Teaching A Dog To Retrieve
If your dog does not know how to retrieve, then I challenge you to teach him how and motivate him to play this very useful game with you! Even if your dog has never really been interested in retrieving give these tricks a try!
Most dogs have some sort of play/prey drive, meaning when something moves quickly they have a genetic urge to chase it. When dogs are in the wild, these are the genes/instincts that keep them alive.
Although our pet dogs don’t have to hunt to survive, they still have inherent instincts that get over stimulated when they see something move rapidly and we can manipulate these instincts to teach them a variety of games and tasks that they love.
What You Need:
- Two toys that are the same or similar. I prefer toys on a string.
- Your dog
I like toys on a string, because I can dangle them and whip them about in a frenzy making them look like prey, around my dog. So even if the toys you are using don’t have a string, I would recommend tying one around or through each toy.
- Put one toy on the ground and let it remain motionless while you grab the other toy and fling in around or across the carpet quickly and illogically.
- You must get animated and energized, your dog should feed off of your energy!
- Your dog should get excited and snatch the toy.
- As soon as your dog’s mouth grasps the toy, let go! Immediately!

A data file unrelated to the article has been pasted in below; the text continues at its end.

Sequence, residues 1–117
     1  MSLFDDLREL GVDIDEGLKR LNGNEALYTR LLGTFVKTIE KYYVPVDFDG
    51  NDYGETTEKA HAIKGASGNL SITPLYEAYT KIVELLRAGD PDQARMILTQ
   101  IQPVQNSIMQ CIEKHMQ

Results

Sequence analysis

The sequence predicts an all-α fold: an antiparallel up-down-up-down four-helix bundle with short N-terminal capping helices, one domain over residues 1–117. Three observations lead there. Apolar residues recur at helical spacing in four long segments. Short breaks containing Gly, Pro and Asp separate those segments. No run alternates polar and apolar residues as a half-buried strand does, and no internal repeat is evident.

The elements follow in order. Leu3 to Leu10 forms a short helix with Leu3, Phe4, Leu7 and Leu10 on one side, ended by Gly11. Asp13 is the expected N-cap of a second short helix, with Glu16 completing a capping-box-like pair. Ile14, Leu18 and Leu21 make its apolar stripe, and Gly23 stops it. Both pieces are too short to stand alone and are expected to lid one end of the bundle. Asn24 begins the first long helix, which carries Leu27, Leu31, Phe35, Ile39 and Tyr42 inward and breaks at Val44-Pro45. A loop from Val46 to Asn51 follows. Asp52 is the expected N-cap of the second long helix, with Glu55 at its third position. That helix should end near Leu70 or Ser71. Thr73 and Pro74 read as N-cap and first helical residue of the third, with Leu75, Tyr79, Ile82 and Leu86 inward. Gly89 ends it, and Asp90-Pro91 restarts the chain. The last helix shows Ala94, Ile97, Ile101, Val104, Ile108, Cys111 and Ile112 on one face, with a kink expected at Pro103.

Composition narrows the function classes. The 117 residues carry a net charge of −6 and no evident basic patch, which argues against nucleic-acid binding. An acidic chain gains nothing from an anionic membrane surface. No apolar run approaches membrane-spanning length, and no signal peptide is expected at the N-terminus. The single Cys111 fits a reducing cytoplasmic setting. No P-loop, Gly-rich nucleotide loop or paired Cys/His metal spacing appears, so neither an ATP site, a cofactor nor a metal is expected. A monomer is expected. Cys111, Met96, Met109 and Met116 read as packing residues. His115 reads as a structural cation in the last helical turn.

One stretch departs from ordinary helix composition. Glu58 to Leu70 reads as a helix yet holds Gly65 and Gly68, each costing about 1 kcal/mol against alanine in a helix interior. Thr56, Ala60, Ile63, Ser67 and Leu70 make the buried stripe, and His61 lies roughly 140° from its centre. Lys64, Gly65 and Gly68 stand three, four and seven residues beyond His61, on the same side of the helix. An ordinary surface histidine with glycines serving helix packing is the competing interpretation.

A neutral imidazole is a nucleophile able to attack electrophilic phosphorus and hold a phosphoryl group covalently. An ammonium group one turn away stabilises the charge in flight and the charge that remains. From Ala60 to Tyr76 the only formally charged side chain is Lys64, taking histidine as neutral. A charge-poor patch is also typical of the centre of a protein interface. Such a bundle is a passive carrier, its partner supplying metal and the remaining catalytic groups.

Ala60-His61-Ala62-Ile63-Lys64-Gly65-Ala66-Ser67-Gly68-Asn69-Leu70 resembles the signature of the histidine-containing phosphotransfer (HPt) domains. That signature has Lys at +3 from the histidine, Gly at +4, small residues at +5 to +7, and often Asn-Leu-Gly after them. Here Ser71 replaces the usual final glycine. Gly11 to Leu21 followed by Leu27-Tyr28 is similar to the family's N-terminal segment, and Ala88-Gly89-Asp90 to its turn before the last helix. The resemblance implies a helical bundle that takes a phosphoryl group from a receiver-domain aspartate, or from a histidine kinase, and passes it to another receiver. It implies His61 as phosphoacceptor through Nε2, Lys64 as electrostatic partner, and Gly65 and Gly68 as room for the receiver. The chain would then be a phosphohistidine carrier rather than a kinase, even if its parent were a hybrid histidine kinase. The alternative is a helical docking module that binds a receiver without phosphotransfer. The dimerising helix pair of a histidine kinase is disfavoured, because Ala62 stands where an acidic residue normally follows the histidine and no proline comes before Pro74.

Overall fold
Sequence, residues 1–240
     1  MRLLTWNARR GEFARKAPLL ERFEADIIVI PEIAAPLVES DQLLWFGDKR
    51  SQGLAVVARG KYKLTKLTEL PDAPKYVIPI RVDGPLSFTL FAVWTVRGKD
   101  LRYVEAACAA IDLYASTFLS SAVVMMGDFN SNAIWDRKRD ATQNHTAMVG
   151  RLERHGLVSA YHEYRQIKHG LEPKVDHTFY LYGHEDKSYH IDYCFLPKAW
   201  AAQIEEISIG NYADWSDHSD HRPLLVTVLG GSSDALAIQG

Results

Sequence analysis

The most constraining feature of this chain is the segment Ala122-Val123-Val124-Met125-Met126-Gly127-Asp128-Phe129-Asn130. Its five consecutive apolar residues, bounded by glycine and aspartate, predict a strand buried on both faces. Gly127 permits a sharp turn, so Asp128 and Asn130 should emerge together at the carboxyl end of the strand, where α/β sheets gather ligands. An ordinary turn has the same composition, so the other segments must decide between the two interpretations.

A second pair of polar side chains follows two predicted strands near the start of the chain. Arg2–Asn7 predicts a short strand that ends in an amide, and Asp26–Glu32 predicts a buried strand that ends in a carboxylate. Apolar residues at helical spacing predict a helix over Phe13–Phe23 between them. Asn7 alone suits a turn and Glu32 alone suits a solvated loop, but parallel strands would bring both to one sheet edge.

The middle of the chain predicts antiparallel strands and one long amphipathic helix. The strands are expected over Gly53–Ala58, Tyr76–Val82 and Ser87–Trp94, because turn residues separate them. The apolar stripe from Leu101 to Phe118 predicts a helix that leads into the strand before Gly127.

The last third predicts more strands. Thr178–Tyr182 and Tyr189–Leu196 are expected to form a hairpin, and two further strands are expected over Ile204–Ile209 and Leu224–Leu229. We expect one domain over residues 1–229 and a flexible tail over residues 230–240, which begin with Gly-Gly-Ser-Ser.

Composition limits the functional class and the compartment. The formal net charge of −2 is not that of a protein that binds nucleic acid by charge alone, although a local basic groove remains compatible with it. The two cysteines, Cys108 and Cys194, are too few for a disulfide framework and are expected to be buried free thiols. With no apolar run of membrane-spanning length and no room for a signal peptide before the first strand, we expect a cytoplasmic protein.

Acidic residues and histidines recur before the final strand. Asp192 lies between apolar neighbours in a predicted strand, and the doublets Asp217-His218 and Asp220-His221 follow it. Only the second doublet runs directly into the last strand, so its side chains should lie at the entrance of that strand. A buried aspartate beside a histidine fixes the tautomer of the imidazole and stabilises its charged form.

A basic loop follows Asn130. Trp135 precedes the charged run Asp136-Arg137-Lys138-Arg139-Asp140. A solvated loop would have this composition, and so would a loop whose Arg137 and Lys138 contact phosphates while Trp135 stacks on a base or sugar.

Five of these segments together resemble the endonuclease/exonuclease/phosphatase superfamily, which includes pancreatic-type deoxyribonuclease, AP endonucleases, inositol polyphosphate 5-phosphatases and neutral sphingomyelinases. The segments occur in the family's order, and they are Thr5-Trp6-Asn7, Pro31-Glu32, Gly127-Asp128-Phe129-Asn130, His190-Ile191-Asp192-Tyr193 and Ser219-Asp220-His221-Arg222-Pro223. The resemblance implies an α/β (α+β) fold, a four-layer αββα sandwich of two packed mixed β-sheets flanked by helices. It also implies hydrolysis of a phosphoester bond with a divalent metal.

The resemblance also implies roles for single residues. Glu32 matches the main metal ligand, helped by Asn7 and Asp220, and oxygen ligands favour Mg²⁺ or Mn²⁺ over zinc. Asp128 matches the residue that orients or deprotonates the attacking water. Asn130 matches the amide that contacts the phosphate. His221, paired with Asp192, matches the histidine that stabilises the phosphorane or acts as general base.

- Take the other toy and again make it boogie around you.
- Your dog should discard the first toy in order to steal the one you have now.
- As soon as your dog spits out toy one say “drop it” “out” or “give” not prior to, but as he is gagging it out!
- As soon as he grabs the toy you have, immediately let go and reach for the inanimate toy bringing it to life again.
- Give your release command as he drops one toy for another, and continue playing back and forth.
- Now as he is enthusiastically trying to grab the toy you are playing with you can fling it a few feet away.
- As he goes to get it give him your retrieve command “fetch” “take it” whatever you want to use.
- When he turns around to chase the toy, begin making the other toy move again.
- He should grab the toy and race back toward you, spitting it out at your feet as he tries to snatch the toy you have.
- Don’t forget to give him the release command, and praise him as he brings you the toy and releases it at your feet.
- If things are going well, you can toss the toy a little further each time as he successfully brings the toy to continue the game.
At first the commands mean nothing, but as you play this game day after day, he will begin to realize what each command means and you can shape a regular retrieve.
You are not only teaching him to retrieve an object, you are also teaching him to release the object in a positive manner, which is even a more important skill!
Finally, for one of the next days in The 12 days of Christmas with Your Dog, take your dog’s favorite toy away and put it up somewhere where he can’t reach it, and somewhere you will remember where you put it!